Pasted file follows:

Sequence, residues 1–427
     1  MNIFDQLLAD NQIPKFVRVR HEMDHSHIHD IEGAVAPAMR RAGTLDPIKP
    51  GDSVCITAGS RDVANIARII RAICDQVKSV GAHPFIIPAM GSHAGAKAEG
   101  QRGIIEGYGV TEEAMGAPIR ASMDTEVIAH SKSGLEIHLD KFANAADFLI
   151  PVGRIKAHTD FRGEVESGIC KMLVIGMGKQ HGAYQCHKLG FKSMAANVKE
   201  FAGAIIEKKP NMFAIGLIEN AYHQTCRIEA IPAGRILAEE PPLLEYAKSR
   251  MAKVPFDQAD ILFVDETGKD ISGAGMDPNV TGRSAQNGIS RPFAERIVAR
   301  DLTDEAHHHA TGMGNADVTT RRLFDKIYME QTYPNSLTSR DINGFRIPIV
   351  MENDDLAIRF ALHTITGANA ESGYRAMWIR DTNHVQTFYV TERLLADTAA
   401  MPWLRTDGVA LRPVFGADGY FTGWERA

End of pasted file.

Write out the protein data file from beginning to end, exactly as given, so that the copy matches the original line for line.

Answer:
Sequence, residues 1–427
     1  MNIFDQLLAD NQIPKFVRVR HEMDHSHIHD IEGAVAPAMR RAGTLDPIKP
    51  GDSVCITAGS RDVANIARII RAICDQVKSV GAHPFIIPAM GSHAGAKAEG
   101  QRGIIEGYGV TEEAMGAPIR ASMDTEVIAH SKSGLEIHLD KFANAADFLI
   151  PVGRIKAHTD FRGEVESGIC KMLVIGMGKQ HGAYQCHKLG FKSMAANVKE
   201  FAGAIIEKKP NMFAIGLIEN AYHQTCRIEA IPAGRILAEE PPLLEYAKSR
   251  MAKVPFDQAD ILFVDETGKD ISGAGMDPNV TGRSAQNGIS RPFAERIVAR
   301  DLTDEAHHHA TGMGNADVTT RRLFDKIYME QTYPNSLTSR DINGFRIPIV
   351  MENDDLAIRF ALHTITGANA ESGYRAMWIR DTNHVQTFYV TERLLADTAA
   401  MPWLRTDGVA LRPVFGADGY FTGWERA